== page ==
At roughly half the price of an original vintage unit, the TT-303 is clearly an attractive proposition. The synth section of the TT-303 is, essentially, a near-exact copy of the TB-303, reverse-engineered then rebuilt using the closest contemporary surface-mount equivalents of the components used in the original. Run through the TT’s self-tuning routine (a very modern and much welcomed feature not present on the original) and the synth immediately plays perfectly in tune with sawtooth and square waves which sound very close to the distinctive unfiltered oscillator tones of the original:
Robin Whittle, inventor of the Devil Fish mod, is one of the world’s foremost experts on the intricacies of the TB-303’s circuits and, as such, far better placed than us to comment on the accuracy of Cyclone’s recreation of the 303 circuit. Robin has written extensively about the technical aspects of the TT-303 on his website. For anyone with an interest in the technical side of the TT, it’s certainly worth a read. The brief synopsis is that the TT-303 is close enough to the circuit of the real thing that virtually all of the Devil Fish mods can be carried out. That doesn’t necessarily mean that it’ll sound like the original unless the components are carefully chosen, but it’s definitely a very close soundalike in this case:
One feature of the TB which many would argue shouldn’t be cloned is the sequencer. The TT-303 takes a slightly different approach. The main focus of the sequencer’s operation is Pitch mode, in which notes are entered step by step. Pick a note, select an octave, add accent, slide or tie if desired, then press Next to move onto the next step. The Back button allows you to go back through what you’ve already entered and edit if necessary. It’s a nice update of the 303’s notoriously fiddly setup (although, as A Guy Called Gerald pointed out when we interviewed him last year, there is a very easy way to get to grips with the 303’s sequencer: RTFM).
The omission of the TB’s Tap mode is a bit of a shame, but in their place you’ll find a number of new features which build on the options found on the original. The InstaDJ mode and the Bot pattern generation functions sound like the kind of hideous gimmicks you’d expect on an entry-level synth, generating loops at the touch of a button based on seven different ‘personality algorithms’, but they’re actually quite useable.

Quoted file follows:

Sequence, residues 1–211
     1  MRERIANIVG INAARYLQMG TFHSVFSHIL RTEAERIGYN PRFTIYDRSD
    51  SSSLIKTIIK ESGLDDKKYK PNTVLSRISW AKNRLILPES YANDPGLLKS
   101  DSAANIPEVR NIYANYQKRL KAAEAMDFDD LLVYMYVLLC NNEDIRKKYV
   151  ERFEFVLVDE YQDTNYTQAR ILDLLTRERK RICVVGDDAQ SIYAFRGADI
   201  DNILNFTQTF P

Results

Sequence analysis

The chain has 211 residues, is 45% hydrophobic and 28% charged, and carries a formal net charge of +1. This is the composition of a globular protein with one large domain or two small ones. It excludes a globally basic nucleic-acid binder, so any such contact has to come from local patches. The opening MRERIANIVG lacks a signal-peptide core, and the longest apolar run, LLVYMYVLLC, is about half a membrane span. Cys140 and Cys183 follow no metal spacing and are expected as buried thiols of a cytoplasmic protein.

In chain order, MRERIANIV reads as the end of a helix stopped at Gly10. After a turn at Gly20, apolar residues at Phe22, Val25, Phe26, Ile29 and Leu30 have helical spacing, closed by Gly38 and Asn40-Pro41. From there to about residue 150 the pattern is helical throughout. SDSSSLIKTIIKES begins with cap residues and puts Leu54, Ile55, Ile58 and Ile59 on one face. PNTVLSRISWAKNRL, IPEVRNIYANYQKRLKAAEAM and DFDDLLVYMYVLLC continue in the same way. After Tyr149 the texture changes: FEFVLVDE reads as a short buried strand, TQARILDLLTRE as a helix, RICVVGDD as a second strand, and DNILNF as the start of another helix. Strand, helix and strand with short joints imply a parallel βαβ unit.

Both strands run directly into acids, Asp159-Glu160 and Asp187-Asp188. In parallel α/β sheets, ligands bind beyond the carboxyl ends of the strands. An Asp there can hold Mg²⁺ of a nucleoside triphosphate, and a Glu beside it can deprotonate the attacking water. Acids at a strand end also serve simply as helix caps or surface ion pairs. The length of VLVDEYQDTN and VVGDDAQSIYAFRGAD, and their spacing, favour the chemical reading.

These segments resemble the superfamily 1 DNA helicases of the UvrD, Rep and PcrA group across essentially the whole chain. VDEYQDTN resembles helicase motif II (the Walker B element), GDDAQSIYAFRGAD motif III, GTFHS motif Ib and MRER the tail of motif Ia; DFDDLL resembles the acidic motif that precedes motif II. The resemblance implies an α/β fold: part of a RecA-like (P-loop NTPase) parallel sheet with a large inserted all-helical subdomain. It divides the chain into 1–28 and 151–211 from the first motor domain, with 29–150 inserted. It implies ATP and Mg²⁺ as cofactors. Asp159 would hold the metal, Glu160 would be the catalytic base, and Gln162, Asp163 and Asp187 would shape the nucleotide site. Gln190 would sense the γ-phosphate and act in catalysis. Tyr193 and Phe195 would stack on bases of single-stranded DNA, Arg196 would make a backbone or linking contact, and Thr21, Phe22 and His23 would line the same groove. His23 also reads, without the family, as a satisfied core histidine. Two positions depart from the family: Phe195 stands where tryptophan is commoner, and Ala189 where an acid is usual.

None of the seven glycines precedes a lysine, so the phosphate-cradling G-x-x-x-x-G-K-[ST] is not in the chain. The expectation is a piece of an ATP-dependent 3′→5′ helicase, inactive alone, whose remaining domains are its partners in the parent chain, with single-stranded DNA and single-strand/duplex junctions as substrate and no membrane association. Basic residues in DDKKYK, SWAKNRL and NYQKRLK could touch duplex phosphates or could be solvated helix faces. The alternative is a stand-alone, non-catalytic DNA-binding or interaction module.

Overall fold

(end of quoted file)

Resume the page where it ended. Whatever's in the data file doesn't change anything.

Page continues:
The Mutate function in particular is an excellent idea, warping and twisting patterns into slightly different shapes when triggered. It’s unpredictable – that’s the nature of the beast – but it can be used very effectively to keep a pattern interesting over the course of a track by subtly switching up the rhythm or order of notes. A great option for live performance. (The Mutate function is also a hell of a lot more user-friendly than the equivalent hack on the original: letting the batteries run so low that the patterns in memory became corrupted.)
The inclusion of a MIDI input alongside the CV and gate connections also makes it easier to control the synth via your DAW. It’s worth noting, too, that a splitter cable allows the single 8-pin DIN socket to function as both MIDI input and output. Without the adapter, the socket functions as a MIDI input via a standard 5-pin MIDI cable. The output can be used to control other gear but also serves double duty as a way of backing up patterns via MIDI SysEx. On that front, the BassBot can store up to 224 patterns, each of which can be colour-coded using the multi-colour LEDs; a big improvement on the TB’s 64 patterns, not least because the TT’s non-volatile memory means that patterns are retained even without batteries installed.
As a consequence of the added MIDI capabilities, the TT ditches the TB’s DIN sync option, which is mainly a concern to anyone intending to hook it up with other vintage gear. For anyone wanting to sync the TT-303 with a 606 without the hassling of a MIDI to DIN sync converter, we’re informed that Cyclone have a solution up their sleeve in the shape of a forthcoming TT-606 Drum Drone drum machine, also equipped with MIDI. No prizes for guessing what that one’s based on…
Comparing the TT-303 with the real TB-303 is inherently flawed due to the simple fact that the newest TB-303s are now approaching 30 years old. At the very least, for a totally fair test you’d have to replace all those ageing capacitors in the TB-303 with brand new equivalents of identical spec, which is clearly impossible. The same applies to the physical components too; apparently the knobs on original TBs were equally as stiff as those on the TT until they’d been turned a few hundred times. Then there’s the price difference to take into account.
But that comparison-based approach misses the point in our opinion. If you’re looking at the TT-303 then you’re probably a musician rather than a collector. The top priority must surely be whether it sounds good. And on that front the TT-303 definitely doesn’t disappoint. This is an intuitive, engrossing instrument which can certainly slot into any retro or modern track as effectively as the original. The changes to the sequencer and the addition of MIDI only serve to make it more user-friendly for most modern studio setups. A future classic like the real thing? Maybe not, but at this price let’s just enjoy it for what it is: a very enjoyable, great-sounding synth which just happens to do a highly convincing impression of a TB-303.
Purchase: Cyclone Analogic TT-303 BassBot
The Final Word
A modern take on the 303 with the classic TB sound. Sensible updates make it easier to fit into a modern studio.